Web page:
I mean, Sleater-Kinney and Bob’s Burgers, what more could you possibly want?
“No Shade In The Shadow Of The Cross”
As quiet and contemplative as The Age of Adz wasn’t, this first offering from Carrie & Lowell points back to the folkier offerings from Seven Swans, albeit with maybe less overtly Christian themes (the title says one thing, but the lived-in gutter philosophizing says another).
Carrie & Lowell is out March 31st on Asthmatic Kitty Records.
Another third track, this one from ginger GFK doppelganger Action Bronson’s upcoming major label debut Mr. Wonderful. More laid back than “Easy Rider”, it’s got a stoned party vibe that plays well in the February doldrums.
The third track released from Modest Mouse’s upcoming Strangers To Ourselves LP, and one that should get a lot of old-school MM fans to sit up and take notice. “Lampshades On Fire” is the “Dashboard” of the album, “Coyotes” redefined what “beautiful” meant in the context of Isaac Brock, and this track is a slicker callback to, at the least, the heady days of Good News For People Who Love Bad News.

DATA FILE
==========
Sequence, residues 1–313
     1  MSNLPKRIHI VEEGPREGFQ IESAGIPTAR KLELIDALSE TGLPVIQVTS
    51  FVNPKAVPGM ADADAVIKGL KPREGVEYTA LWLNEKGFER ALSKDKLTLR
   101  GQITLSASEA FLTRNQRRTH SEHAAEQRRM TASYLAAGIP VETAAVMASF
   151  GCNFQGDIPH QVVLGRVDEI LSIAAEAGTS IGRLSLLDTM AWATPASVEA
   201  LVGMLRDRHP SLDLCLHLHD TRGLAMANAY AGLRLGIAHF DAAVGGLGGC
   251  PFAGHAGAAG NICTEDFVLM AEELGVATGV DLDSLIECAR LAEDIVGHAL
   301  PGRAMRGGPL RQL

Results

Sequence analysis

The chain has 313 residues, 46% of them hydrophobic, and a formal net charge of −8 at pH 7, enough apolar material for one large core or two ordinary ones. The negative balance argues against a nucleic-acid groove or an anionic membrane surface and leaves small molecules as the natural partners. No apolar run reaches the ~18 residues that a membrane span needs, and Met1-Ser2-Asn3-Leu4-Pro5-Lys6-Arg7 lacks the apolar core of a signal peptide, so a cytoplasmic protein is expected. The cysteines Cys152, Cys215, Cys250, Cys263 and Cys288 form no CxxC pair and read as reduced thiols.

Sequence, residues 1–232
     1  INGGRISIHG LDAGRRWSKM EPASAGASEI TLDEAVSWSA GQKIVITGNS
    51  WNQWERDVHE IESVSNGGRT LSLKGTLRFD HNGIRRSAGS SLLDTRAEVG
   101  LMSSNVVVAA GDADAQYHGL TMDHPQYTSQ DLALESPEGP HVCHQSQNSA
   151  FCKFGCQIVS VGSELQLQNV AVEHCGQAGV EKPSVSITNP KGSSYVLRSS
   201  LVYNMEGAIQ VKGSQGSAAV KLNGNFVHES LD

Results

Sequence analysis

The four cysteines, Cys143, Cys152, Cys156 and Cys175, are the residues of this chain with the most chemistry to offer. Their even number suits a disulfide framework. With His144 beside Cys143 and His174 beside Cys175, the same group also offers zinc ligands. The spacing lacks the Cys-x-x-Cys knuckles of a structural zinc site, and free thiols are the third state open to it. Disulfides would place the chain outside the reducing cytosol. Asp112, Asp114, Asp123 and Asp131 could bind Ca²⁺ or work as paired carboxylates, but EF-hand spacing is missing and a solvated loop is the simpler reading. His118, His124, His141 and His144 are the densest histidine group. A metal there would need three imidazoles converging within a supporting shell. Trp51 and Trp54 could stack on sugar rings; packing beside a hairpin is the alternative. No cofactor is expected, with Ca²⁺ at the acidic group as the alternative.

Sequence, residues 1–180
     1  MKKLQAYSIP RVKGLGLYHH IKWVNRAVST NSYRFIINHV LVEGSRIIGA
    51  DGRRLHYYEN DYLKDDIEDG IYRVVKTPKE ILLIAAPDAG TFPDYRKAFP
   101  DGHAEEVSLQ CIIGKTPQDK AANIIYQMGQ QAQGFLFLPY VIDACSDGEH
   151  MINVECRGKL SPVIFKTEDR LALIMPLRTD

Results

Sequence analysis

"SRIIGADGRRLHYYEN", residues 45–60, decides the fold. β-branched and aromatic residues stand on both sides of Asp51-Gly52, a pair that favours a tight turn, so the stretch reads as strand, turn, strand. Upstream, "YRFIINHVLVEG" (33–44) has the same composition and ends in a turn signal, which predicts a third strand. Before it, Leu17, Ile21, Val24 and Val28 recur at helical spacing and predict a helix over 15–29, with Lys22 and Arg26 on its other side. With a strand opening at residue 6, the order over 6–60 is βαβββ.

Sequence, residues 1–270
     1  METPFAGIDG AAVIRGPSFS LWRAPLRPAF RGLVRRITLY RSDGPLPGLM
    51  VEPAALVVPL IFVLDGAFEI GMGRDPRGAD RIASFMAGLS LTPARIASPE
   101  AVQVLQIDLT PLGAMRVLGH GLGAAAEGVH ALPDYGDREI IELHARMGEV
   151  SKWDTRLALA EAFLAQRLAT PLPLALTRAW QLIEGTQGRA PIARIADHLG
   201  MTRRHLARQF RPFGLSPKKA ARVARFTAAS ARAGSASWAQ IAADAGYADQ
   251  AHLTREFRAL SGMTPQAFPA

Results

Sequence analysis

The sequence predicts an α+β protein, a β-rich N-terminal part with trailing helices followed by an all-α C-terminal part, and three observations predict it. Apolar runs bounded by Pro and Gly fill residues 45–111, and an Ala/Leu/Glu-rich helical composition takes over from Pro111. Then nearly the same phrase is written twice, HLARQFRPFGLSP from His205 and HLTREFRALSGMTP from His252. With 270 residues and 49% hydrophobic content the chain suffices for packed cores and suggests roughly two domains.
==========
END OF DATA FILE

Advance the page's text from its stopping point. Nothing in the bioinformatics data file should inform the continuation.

This album is going to be easily in the top five this year, calling it now.
Once called “the greatest alternative rock song ever” by my roommate in university, “Bound For The Floor” remains the biggest and, really, only hit from the Illinois band. Did you know that they released five albums after 1996’s As Good As Dead? I certainly didn’t. They also apparently play every New Years Eve in Chicago. Honestly, though, nothing screams “I just entered high school” for me more than “Bound For The Floor”. It’s also, as Andy Frost once opined, much better than being bound on the floor. Unless you’re into that sort of thing. Cough.
A killer beat, Ghostface on point and…Cher? A Forbes reporter goes to Morocco to chat about the Wu-Tang Clan’s mysterious new record, Once Upon A Time In Shaolin, a one-of-a-kind album that will be toured through museums and then sold to the highest bidder.